For now, the public record shows that Chin came to Canada when he was either 13 or 16 (we know that he lived here earlier from the ages of 6 through 10). We also know that Chin was so priviledged that he didn’t know a life outside of being chauffered in a limo until he finally moved to stay in Canada. We know that this life of priviledge came from serving an autocratic dictator in South Korea. We have also heard of political persecution that occured in around either 1977 or 1980. The elder Chin’s boss was assassinated in 1979 and Chin’s father retired soon after.

Of course, we can also consider Cherniak’s second hand hyperpartisan (from a friend of a friend of the Ben Chin campaign) explanation of the events. Again, remember that this is hearsay and doesn’t appear in any interview of Ben Chin or at all in the printed record. But hey, it could be true (one hopes it is):

Ben Chin’s father was a diplomat. Apparently, at some point in the 1970s he opined that pro-democracy activists should be let out of prison in South Korea. (Remember that the country was not a democracy at that point in time.) Ben Chin’s father was arrested by the Korean secret service and accused of being a communist. In 1976, the secret service visited Chin at school and threatened to end his education. That is when he obtained a student visa to Canada, where he lived with his brother and sister who were in university. In 1978, Ben Chin’s father was released from prison and allowed to move to Canada. His wife (Ben’s mother) snuck out of South Korea and joined her family.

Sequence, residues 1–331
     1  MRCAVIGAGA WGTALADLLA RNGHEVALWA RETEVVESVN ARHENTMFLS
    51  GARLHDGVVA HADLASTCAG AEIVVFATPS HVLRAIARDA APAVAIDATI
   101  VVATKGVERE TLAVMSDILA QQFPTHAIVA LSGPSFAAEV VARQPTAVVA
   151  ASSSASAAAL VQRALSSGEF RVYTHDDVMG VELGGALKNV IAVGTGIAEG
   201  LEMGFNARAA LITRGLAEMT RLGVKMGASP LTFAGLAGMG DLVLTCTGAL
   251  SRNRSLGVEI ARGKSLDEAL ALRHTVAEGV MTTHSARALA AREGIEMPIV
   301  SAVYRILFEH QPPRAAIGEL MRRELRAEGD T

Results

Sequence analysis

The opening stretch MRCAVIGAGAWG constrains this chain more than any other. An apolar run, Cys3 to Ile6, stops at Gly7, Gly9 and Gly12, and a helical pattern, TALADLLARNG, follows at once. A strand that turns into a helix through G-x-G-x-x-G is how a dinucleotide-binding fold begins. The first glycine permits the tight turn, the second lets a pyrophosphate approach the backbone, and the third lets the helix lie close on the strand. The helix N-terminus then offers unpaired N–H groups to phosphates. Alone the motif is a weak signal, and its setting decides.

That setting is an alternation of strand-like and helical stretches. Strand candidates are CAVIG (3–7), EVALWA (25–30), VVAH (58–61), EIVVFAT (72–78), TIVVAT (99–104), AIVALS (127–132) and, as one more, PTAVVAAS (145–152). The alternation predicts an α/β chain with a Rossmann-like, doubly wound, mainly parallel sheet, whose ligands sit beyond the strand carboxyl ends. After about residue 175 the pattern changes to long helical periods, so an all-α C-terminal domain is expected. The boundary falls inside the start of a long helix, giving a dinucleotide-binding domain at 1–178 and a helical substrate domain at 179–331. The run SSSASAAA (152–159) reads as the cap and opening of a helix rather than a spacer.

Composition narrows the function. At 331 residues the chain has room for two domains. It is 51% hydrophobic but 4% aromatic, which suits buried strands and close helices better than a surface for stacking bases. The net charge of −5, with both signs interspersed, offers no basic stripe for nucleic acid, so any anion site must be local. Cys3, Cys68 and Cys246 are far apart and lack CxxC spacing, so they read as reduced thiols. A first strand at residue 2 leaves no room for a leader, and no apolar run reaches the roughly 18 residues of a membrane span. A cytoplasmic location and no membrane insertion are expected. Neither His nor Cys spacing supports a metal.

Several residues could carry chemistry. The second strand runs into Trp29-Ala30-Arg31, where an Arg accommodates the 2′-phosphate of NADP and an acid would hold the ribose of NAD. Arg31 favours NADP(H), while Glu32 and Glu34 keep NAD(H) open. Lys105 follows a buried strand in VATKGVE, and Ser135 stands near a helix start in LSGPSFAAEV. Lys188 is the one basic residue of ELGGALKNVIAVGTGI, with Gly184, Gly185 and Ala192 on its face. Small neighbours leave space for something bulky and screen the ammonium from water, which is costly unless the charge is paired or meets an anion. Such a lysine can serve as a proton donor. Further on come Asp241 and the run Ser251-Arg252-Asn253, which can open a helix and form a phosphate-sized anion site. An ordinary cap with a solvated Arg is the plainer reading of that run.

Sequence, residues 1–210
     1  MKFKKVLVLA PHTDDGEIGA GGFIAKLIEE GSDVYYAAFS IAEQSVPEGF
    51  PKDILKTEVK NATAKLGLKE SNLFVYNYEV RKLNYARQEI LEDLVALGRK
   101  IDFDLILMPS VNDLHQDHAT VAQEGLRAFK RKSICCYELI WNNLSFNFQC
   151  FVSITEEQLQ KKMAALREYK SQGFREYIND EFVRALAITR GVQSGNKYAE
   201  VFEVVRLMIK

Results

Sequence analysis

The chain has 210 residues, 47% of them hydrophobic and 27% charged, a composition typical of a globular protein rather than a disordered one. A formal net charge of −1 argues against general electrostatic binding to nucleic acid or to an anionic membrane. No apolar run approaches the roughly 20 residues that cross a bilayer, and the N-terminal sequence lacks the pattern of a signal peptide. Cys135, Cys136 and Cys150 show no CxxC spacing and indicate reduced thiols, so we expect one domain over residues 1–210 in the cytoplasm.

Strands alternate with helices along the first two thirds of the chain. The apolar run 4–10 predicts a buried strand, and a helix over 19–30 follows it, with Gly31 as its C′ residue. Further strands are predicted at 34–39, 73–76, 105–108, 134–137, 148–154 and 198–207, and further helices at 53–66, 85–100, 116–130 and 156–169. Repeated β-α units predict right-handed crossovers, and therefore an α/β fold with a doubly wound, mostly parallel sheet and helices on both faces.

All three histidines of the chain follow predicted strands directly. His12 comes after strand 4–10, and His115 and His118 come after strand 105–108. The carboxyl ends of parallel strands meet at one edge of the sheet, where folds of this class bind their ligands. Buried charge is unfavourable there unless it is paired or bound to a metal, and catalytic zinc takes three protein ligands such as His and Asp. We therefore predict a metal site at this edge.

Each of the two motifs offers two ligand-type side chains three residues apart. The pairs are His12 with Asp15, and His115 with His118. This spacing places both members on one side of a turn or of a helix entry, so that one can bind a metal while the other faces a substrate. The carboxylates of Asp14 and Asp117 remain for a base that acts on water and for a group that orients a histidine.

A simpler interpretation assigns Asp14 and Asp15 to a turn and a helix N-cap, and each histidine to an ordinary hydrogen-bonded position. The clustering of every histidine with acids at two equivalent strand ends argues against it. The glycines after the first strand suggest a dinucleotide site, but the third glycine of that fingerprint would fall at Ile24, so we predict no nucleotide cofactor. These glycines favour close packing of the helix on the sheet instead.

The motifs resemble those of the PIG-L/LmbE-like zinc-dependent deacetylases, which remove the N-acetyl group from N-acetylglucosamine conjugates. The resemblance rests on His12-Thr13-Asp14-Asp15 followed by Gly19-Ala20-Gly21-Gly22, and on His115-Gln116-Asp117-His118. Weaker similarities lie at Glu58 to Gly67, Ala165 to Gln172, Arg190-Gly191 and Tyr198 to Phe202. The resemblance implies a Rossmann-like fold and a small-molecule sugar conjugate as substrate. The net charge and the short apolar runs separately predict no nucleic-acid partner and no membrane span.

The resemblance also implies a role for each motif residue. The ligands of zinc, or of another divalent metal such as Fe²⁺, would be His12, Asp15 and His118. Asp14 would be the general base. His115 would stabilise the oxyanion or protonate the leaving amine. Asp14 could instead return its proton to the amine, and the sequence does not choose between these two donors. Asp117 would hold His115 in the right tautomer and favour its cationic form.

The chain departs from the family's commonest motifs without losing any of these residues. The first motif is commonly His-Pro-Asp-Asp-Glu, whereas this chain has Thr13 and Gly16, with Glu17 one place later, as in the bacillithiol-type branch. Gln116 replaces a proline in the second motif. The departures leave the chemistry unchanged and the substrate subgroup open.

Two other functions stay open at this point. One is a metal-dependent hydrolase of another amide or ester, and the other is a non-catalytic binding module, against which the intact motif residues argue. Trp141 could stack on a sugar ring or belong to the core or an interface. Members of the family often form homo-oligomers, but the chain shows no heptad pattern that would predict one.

This assumes that the political persecution occured in 1974-1975-1976 with Ben moving to Canada in 1977. After serving the South Korean dictator, did Ben Chin’s father finally speak out against him? There still is that discrepancy in the autonet interview that has Ben’s father retiring in 1980. Remember, in that interview, Ben Chin claimed that they moved to Canada when he was 16.

For all I know, Ben Chin is a helluva guy (he probably is). However, there are clear discrepancies in his backstory and I’d be interested in clearing them up, especially since it is this experience upon which Chin based his introductory literature to his potential constituents. Ben Chin’s life either has a really shady backstory or a potentially heroic one.

I hope for the heroic. I really do.

UPDATE: Looks like I waded into an NDP-Liberal fight. Please go read Born with a tail’s blog for some more important history to consider.